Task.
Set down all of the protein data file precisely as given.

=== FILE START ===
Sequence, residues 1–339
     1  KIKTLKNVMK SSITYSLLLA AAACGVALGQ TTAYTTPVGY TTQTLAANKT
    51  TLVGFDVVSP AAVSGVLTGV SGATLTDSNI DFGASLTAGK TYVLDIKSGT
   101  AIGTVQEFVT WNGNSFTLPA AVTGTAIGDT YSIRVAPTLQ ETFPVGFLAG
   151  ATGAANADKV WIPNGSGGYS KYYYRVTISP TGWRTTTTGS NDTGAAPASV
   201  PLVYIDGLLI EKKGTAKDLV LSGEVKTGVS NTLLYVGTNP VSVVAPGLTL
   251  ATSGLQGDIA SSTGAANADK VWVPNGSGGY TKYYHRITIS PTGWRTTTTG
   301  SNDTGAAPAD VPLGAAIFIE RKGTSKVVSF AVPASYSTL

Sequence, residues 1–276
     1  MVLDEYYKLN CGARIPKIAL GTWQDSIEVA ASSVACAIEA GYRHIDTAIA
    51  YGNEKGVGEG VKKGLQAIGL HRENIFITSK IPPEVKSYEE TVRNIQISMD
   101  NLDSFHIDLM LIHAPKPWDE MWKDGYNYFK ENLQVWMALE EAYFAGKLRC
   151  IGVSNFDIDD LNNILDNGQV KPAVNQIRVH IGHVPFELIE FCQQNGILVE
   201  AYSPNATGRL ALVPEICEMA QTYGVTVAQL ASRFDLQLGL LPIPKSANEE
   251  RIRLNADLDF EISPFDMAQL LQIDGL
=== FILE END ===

Sequence, residues 1–339
     1  KIKTLKNVMK SSITYSLLLA AAACGVALGQ TTAYTTPVGY TTQTLAANKT
    51  TLVGFDVVSP AAVSGVLTGV SGATLTDSNI DFGASLTAGK TYVLDIKSGT
   101  AIGTVQEFVT WNGNSFTLPA AVTGTAIGDT YSIRVAPTLQ ETFPVGFLAG
   151  ATGAANADKV WIPNGSGGYS KYYYRVTISP TGWRTTTTGS NDTGAAPASV
   201  PLVYIDGLLI EKKGTAKDLV LSGEVKTGVS NTLLYVGTNP VSVVAPGLTL
   251  ATSGLQGDIA SSTGAANADK VWVPNGSGGY TKYYHRITIS PTGWRTTTTG
   301  SNDTGAAPAD VPLGAAIFIE RKGTSKVVSF AVPASYSTL

Sequence, residues 1–276
     1  MVLDEYYKLN CGARIPKIAL GTWQDSIEVA ASSVACAIEA GYRHIDTAIA
    51  YGNEKGVGEG VKKGLQAIGL HRENIFITSK IPPEVKSYEE TVRNIQISMD
   101  NLDSFHIDLM LIHAPKPWDE MWKDGYNYFK ENLQVWMALE EAYFAGKLRC
   151  IGVSNFDIDD LNNILDNGQV KPAVNQIRVH IGHVPFELIE FCQQNGILVE
   201  AYSPNATGRL ALVPEICEMA QTYGVTVAQL ASRFDLQLGL LPIPKSANEE
   251  RIRLNADLDF EISPFDMAQL LQIDGL